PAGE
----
Zelensky to Address U.N. General Assembly Soon

Ukrainian President Volodymyr Zelensky is set to address the United Nations General Assembly soon.

The body voted last week to allow Zelensky to deliver his address via video link amid the ongoing conflict in his country.

Zelensky is expected to discuss the war, address recent threats from Russian President Vladimir Putin and call on nations to continue giving their support to Ukraine.

He will also likely call out countries, like China, to abandon their neutrality and condemn Russia for its actions.

EU Foreign Ministers Discuss New Russian Sanctions

The foreign ministers of European Union member states are holding an emergency meeting at the United Nations General Assembly to discuss the recent actions of Russian President Vladimir Putin amid the ongoing tensions in Ukraine.

Josep Borrell, the high representative of the EU for foreign affairs and security policy, said the meeting was called Wednesday.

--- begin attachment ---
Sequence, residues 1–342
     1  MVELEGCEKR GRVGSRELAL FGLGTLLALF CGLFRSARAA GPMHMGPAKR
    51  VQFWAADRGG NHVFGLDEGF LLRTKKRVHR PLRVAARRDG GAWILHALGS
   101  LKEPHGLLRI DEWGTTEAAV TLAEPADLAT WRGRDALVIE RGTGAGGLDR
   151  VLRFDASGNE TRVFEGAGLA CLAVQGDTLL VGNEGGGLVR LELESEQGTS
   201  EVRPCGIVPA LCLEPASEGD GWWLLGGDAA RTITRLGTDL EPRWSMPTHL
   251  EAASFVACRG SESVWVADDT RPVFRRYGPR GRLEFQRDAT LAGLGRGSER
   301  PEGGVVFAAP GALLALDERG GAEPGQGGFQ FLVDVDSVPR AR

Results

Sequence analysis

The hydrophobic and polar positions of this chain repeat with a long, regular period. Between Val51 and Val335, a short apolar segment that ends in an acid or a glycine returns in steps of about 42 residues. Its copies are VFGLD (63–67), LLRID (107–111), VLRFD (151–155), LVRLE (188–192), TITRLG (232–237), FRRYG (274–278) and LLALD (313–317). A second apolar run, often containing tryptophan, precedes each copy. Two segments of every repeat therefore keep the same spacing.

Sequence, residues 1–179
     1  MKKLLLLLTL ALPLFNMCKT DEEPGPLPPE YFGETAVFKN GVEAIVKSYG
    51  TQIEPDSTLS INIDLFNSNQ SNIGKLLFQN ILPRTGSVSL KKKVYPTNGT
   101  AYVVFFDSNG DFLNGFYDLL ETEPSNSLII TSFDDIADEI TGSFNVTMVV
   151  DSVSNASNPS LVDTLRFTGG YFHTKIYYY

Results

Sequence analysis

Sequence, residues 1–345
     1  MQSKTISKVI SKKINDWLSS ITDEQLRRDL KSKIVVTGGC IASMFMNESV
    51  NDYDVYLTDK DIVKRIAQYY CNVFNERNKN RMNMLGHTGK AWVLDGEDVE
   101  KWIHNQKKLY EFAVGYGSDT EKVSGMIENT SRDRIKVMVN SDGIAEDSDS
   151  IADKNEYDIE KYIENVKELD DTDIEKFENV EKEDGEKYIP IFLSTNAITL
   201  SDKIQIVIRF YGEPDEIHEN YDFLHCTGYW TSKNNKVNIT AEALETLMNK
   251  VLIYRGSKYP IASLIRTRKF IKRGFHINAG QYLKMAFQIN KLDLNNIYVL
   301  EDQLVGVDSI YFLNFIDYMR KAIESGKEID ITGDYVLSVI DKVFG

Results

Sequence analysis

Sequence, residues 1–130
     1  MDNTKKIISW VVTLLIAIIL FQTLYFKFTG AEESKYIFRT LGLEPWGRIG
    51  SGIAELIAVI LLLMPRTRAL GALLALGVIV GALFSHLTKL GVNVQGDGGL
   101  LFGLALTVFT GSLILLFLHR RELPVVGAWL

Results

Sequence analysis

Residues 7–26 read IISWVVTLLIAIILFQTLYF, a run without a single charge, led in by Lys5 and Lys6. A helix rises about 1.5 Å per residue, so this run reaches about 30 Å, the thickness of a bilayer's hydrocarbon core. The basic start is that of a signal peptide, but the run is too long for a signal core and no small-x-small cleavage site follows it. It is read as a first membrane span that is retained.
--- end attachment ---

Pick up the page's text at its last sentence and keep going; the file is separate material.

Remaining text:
This comes after Putin made a speech in which he said the he will proceed with a referenda to annex occupied territories in Ukraine, mobilization of 300,000 reservists and use "all necessary means" to defend Russia, seemingly threatened to use nuclear weapons.

Borrell said Putin is "doubling down on a failing strategy."

"He is trying to intimidate Ukraine and all countries that support it," he said in a statement.

"But fake referenda will not change the legal status of Ukrainian territory. Mobilising reservists will not mean fresh, trained and motivated troops are somehow available. Threatening with nuclear blackmail is unacceptable and it will only increase Russia's diplomatic isolation. The threat to use nuclear weapons should alert the international community and in particular all the states which for one reason or another look with distance at this war which they believe does not concern them."

Borrell said these comments constitute another "major escalation" from the Kremlin that show "a sign of fear."

"We can already begin to see the reactions inside Russia, with courageous people trying to get on flights out of Russia, while they can," he said. "The main thing is not to be intimidated. We have to stay united as EU and continue our support to Ukraine as well as the countries that support it. Putin is trying to destroy Ukraine; we must make sure that Ukraine will prevail."